x-ray shielding or protection – An absorbing c material used to encase and shield with lead sheets or sheets containing lead in a plaster or drywall and to keep radiation from escaping from the room.
xyst (xystus or xystos) – Pronounced as “zist” it is another term for a shade covering! In ancient Greek and Roman architecture was a promenade or portico, a shaded walkway lined with trees or covered colonnade.
Y-fitting or wye – A ‘Y’ shaped pipe.
Yankee screwdriver – A round notched spiral ratchet screwdriver.
yard drain – A catch basin that by design collects water that pools in low spots.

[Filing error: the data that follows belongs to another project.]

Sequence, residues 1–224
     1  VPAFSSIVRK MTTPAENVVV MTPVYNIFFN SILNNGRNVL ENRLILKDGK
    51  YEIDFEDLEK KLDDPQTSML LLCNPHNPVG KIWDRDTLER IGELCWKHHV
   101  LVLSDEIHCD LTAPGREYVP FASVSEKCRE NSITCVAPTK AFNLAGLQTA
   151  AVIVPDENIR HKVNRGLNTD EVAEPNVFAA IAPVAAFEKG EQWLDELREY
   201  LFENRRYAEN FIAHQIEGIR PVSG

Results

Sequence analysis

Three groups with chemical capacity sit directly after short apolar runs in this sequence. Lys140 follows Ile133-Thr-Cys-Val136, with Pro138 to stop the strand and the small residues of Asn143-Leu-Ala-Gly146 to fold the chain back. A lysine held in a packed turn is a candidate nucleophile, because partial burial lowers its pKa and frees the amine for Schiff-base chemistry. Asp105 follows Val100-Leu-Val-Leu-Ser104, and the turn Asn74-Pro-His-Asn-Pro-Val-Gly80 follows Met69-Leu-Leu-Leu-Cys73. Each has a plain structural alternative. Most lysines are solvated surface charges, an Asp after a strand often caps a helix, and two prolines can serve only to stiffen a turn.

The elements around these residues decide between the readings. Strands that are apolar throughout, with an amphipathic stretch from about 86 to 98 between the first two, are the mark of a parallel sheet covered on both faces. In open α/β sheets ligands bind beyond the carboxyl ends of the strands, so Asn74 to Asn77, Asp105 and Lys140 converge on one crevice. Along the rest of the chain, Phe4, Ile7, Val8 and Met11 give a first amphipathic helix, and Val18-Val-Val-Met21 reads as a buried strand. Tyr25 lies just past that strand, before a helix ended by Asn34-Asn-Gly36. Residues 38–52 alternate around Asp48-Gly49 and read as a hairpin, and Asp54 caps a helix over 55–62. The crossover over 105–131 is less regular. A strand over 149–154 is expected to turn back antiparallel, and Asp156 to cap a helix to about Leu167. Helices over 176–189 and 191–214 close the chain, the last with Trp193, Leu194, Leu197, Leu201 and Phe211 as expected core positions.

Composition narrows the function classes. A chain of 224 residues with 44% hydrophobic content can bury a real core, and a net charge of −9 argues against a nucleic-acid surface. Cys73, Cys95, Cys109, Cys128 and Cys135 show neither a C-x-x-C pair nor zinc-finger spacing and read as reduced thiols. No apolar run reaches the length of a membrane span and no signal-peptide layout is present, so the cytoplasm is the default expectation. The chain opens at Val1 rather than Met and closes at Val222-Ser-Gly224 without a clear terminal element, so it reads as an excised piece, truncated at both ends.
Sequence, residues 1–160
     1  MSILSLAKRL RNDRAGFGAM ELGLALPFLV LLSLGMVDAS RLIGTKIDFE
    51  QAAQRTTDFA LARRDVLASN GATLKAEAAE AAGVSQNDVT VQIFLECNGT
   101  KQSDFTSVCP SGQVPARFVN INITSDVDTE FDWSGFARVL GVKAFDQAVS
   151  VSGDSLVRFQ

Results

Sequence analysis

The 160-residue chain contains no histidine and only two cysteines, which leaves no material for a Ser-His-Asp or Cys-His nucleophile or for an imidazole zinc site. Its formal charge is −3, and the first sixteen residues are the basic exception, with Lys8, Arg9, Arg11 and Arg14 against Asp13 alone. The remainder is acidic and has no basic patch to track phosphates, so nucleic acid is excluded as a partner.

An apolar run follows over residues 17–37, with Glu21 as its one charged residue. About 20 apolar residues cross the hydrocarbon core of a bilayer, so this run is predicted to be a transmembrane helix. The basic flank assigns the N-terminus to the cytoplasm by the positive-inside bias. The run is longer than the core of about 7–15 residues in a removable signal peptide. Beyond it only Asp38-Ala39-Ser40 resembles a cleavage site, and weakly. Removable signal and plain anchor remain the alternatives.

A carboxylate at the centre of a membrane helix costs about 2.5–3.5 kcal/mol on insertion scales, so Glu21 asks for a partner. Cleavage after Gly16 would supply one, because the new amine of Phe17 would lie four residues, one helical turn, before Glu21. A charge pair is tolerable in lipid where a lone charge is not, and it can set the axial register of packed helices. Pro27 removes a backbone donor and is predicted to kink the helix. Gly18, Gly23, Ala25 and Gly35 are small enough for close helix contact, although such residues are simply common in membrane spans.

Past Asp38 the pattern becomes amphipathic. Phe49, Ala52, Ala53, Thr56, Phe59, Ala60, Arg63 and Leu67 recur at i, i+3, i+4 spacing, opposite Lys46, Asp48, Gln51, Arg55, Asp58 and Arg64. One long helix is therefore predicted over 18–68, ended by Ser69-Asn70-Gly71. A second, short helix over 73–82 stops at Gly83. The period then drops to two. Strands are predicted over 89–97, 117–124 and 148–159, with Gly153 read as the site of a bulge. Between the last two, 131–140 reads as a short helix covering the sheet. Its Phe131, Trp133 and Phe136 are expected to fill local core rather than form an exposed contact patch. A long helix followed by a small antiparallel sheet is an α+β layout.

yard lumber – A category of lumber usually up to 5 inches thick, also lumber in a lumber yard graded in size and for its intended use.
yardage – The area of surface material that is equal to a cubic yard or yards
yellow pine – Yellow pine is more than one species of tree native to the Southern United States. Yellow pine is used extensively in building and construction for plywood and dimensional lumber.
zone – A section or area of property that serves as a loop for heating and cooling or an area that is watered by a sprinkling system.
zone dam – The internal dam in a framed curtain wall at the both ends of the horizontal mullion. It is most often a rubber plug that is installed at the uniting of the horizontal frame to the vertical frame, designed to keep any water from infiltrating into the glass lite.
zone valve – The device that is used to control the water flow into the building that is controlled by a the a zone thermostat.
zoning permit – A government issued document that permits a particular piece of land to be used for a specific purpose.